Hot Dogs "Bugle Dogs"

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Hot Dogs "Bugle Dogs"

Post by IdaKraut » Sun Jul 01, 2012 03:49

I've been itching to try out my new Kirby emulsifier blade that came with his mixer so decided to try Chuckwagon's Hobble Creek beef franks (http://www.wedlinydomowe.pl/en/viewtopic.php?t=5079) recipe (with a few modifications).

I had some lean bull elk meat left in the freezer so decided to use it, thus the name for this sausage venture. Here's the recipe:

Lean elk meat: 4.25 lbs with beef fat added: 0.75 lbs, total of 5 lbs or 2.268 Kg

To above, add the following: Percent Wt. in gm or cc

Ice water (as in really, really cold) 10.00% 226.8 cc
Non-Fat dry milk powder 3.00% 68.0 g
Trehalose (since I plan to freeze the hot dogs) 2.50% 56.7 g
Kosher salt 1.94% 44.0 g
Dextrose (if not using Trehalose, increase to 0.8%) 0.30% 6.8 g
Yellow mustard, powder 0.61% 13.8 g
Paprika, sweet (I used Hungarian) 0.56% 12.7 g
Butcher-Packer special meat binder (phosphates) 0.50% 11.3 g
Cure #1 0.26% 6.0 g
MSG (Accent) 0.24% 5.4 g
Garlic, powder 0.12% 2.7 g
Coriander, powder 0.12% 2.7 g
Liquid smoke (I only use the one from Sausage Maker) 0.11% 2.5 cc
Celery seed, ground 0.083% 1.9 g
Sodium erythorbate 0.080% 1.8 g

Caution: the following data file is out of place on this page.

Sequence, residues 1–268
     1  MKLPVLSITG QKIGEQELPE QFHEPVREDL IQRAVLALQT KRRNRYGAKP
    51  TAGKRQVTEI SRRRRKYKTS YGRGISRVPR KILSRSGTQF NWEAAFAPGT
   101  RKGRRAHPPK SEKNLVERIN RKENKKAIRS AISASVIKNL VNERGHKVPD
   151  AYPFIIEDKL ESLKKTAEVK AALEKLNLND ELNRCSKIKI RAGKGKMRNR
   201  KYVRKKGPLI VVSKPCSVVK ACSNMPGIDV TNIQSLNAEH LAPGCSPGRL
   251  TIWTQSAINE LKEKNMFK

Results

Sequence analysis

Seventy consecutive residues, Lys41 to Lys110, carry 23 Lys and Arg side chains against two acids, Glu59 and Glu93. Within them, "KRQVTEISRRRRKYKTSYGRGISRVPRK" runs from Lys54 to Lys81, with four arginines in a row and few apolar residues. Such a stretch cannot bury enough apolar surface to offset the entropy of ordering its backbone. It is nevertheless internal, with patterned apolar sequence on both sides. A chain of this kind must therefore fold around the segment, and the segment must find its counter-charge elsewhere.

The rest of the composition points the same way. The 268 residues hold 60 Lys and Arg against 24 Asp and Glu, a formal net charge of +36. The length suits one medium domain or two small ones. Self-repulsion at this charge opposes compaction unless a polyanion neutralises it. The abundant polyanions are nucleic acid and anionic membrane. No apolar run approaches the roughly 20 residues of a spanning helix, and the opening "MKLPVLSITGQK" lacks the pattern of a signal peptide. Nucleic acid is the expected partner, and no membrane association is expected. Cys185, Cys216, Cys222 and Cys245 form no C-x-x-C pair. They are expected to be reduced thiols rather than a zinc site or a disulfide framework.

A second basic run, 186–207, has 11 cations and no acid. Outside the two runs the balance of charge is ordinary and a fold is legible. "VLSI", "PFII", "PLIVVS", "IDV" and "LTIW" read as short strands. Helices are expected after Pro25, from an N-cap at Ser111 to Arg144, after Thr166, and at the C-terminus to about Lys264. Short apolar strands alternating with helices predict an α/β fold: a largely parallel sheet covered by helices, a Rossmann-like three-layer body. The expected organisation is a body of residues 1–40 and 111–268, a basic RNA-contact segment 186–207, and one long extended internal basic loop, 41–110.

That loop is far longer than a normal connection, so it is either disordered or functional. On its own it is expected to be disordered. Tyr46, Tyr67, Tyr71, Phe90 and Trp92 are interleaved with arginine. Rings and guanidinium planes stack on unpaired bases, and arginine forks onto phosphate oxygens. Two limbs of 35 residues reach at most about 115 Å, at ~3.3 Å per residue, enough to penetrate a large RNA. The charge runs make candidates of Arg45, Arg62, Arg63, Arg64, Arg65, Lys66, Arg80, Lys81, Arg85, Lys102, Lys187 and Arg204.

Pepper, white, ground 0.053% 1.2 g
Pepper, black, ground 0.046% 1.0 g


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Here's a look at Kirby's stainless steel emulsifier blade which replaces the standard nylon mixer blade.

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Here I have the ground elk and beef fat with all dry ingredients added. I will add the liquid smoke and ice water after I quickly hand mix the dry ingredients into the ground meat before adding to the mixer/emulsifier bucket.

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Thermapen shows temperature at 36° F right before emulsifying.

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I ran the drill which powers the emsulsifier at high speed (1700 rpm) for about 45 seconds and then checked the results. The texture looked about right to me and the Thermapen showed a mear 5.9° rise in temperature. Not bad.

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I had rinsed and then soaked some 20-22mm sheep casings in cool water. Having these small diameter casings on a tube makes loading them onto the stuffer tube much easier.

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Showing my homemade link spacing thingamajig. I made it to help keep the link lengths somewhat the same length. I simply place the yellow plastic fins on the unlinked sausage and press gently which leaves nice creases that can then be squeezed with the fingers and twisted. Anyway, it works well and I use it for both franks and landjaegers. Spacing between fins is 6-1/4".

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Smoke started after the dogs hang in the smoker without smoke at 120° F for an hour to dry out the casings. Temperature then gradually increased to 165° over about 5 hours. I had pecan smoke going for 4 hours during that time using the wonderful A-MAZE-N-PELLET-SMOKER(AMNPS). I thought I only loaded 2 to 3 hours worth of pellets but it turned out smoking for 4 hours before I decided that was enough smoke. Final internal meat temp was 150° F.